How does a Polygraph Test Happen?

Polygraph tests are not things to make fun of. Lie detector testing is the process of verifying the truthfulness of statements made by persons of interest. These statements are often part of an investigation and it is important that lie detector tests establish the truth behind them. Device Components A typical polygraph test machine has three major components, namely the blood pressure cuff, the pneumographs, and the galvanometers. Blood pressure cuffs are attached around the upper arm of an examinee. It covers the branchial artery and provides a continuous tracing of the person’s cardiovascular activity such as his heart rate, blood pressure, and blood volume. Pneumographs are the two rubber tubes fastened around the person’s chest and abdominal areas. These tubes are used to monitor his respiratory activity during the test. Galvanometers are the two protruding electrodes attached to the client’s fingers. These components are used to obtain a reading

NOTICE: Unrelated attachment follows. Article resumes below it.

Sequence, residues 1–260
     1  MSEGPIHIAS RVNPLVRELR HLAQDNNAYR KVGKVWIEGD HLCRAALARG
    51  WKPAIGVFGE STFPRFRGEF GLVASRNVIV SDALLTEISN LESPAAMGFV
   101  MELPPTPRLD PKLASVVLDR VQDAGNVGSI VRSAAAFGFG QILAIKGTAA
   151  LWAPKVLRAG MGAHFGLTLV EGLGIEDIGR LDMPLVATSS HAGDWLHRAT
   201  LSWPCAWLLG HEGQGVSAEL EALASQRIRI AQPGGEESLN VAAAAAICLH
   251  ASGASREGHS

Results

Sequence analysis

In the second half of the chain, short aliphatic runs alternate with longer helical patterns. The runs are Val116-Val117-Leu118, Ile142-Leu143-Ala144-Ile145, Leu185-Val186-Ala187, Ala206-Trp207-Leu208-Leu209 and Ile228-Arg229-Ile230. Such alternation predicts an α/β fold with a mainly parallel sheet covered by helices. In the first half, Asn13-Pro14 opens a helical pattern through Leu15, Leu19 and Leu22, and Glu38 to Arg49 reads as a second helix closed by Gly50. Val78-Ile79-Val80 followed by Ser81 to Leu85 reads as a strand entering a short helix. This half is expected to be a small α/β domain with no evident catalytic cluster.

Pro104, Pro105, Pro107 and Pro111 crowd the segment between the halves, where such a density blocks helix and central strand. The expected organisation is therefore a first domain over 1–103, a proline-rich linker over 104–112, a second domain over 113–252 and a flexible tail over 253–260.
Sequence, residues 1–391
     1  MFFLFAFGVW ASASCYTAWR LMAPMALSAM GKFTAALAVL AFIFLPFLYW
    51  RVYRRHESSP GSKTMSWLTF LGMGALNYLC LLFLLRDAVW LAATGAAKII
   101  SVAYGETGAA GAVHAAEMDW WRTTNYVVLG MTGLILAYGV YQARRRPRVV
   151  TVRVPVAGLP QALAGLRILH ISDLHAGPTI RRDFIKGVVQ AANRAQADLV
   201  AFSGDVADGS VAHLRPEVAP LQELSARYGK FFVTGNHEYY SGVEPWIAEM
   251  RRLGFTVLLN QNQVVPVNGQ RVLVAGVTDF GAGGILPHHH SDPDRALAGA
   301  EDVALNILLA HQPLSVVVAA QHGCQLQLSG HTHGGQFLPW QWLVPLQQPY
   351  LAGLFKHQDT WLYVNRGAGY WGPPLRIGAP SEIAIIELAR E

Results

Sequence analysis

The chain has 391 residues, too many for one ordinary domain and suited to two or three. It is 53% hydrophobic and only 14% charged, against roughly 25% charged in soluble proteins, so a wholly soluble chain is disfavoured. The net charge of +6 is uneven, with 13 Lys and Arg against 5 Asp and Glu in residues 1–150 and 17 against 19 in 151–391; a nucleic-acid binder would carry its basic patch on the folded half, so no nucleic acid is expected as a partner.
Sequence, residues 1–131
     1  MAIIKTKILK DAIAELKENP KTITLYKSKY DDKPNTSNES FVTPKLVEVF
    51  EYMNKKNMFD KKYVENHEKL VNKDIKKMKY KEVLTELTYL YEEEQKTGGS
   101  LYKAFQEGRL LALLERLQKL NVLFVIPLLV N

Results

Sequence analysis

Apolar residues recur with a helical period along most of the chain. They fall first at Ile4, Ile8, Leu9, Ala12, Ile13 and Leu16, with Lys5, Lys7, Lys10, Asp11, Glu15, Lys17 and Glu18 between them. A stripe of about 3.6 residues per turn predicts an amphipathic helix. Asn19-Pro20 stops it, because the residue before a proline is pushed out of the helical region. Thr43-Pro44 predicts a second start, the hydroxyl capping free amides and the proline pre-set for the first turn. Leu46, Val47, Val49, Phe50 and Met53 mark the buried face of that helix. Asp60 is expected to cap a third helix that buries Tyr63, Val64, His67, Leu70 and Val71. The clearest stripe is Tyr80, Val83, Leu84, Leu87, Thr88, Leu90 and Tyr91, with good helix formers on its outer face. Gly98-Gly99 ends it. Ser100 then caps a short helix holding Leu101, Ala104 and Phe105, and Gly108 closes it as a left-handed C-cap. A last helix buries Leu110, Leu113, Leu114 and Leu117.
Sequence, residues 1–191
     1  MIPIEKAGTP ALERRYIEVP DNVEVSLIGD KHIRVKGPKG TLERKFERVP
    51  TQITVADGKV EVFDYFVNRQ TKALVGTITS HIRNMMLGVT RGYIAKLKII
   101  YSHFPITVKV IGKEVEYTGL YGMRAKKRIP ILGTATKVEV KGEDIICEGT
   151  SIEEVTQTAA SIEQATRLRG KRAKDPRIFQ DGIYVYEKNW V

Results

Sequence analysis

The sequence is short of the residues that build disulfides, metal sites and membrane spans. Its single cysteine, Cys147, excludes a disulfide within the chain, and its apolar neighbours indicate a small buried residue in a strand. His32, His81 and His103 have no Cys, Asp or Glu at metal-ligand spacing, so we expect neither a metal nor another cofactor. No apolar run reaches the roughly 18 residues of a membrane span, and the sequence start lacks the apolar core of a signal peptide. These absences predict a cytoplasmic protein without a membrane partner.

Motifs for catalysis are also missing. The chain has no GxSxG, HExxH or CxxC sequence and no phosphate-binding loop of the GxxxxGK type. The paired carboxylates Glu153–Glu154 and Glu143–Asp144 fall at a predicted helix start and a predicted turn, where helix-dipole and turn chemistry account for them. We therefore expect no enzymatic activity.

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All About the Polygraph Exams

Polygraph tests are vital to various departments and institutions because of their capability to prove the innocence – or guilt –of an individual. The results may not be acceptable evidence in court, but they can turn tables and influence people. It captures various physiological activities such as the following: Blood Pressure The heart rate or the blood pressure is measured through a cardio-sphygmograph cuff on the upper arm of the examinee. A length of rubber tubing is attached to the cuff and runs to the polygraph machine. If a digital polygraph is used, the signals obtained are converted to electrical signals. Respiratory Rate Two air-filled rubber tubes, called pneumographs, are placed around the examinee’s chest and abdomen. Displacement of air takes place inside the tubes as muscles of chest or abdomen expand. Electro-dermal Activity This measures the amount of sweat that appears on your fingertips. Science shows that the fingertips